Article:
What Robert Irvine Wants To Change About Restaurant: Impossible

"Restaurant: Impossible" has endured impossibly over the years, closing in on the finish of its 20th season (per IMDb). Given the volume of all those hundreds of episodes, it's understandable if the show's main character, Robert Irvine, would notice a thing or two about the show that he would like to change. It seems that is indeed the case, and Irvine expounded on one such aspect he would modify if he could.

Irvine is not the undisputed ruler of the "Restaurant: Impossible" universe, however. IMDb does credit him as the executive producer of four episodes in 2019, but 13 other individuals have filled that role for the other episodes over the years. Executive producers of television episodes are ultimately accountable to the networks airing the show, according to Chegg Internships. Thus, while Irvine would have been "the final word for both the business and creative decisions," he had the networks to consider.

If Irvine did have full control over the series now, we know one change he would likely make.

Too many spoilers

An exchange between Robert Irvine and a fan revealed something Irvine would love to see change about "Restaurant: Impossible." A Twitter user tagged Irvine and said, "Love Restaurant Impossible but please request the trailer at the start doesn't show as many scenes, especially the latter stages and reveal reaction, cheers!" Irvine responded, "John I have done that so many times .. but alias [sic] that's a bigger pay grade than me lol."

The problem of trailers revealing too much about a film or television series episode isn't unique to "Restaurant: Impossible." For instance, Stealth Optional reported that director Kevin Fiege complained about trailers for "Doctor Strange in the Multiverse of Madness" showing too much in May of 2022. The trailers aren't the only criticisms that "Restaurant: Impossible" viewers have had for the show over the years, either. In 2012, a New York Post review lamented that Irvine was "another intimidating bossy person getting riled up at strangers" and claimed he was "attempting to psychoanalyze" restaurant owners in an episode, for example.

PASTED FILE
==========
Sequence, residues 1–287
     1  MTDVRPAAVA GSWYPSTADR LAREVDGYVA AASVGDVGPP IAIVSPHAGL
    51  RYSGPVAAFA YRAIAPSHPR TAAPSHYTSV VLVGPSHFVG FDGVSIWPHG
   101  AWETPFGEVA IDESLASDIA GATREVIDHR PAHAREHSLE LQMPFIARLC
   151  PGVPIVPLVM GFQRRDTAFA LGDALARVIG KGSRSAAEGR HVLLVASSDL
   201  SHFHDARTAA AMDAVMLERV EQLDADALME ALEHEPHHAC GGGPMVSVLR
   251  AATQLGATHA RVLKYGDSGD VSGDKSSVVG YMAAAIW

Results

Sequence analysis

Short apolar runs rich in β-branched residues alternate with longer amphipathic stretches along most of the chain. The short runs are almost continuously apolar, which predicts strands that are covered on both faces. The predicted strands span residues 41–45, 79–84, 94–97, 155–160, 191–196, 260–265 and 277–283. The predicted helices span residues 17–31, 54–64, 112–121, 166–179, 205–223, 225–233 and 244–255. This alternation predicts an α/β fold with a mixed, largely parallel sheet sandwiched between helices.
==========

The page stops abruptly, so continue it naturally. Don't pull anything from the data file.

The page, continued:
The top-rated IMDb review of "Restaurant: Impossible" gives the overall series seven out of 10 stars and describes Irvine's approach as showing "a bit of patience and sympathy on his part." Thus, opinions on the show can vary based on experiences, perhaps like the experiences of those who have been diners during episodes of "Restaurant: Impossible." In Irvine's experience, the "Restaurant: Impossible" trailers could be shorter.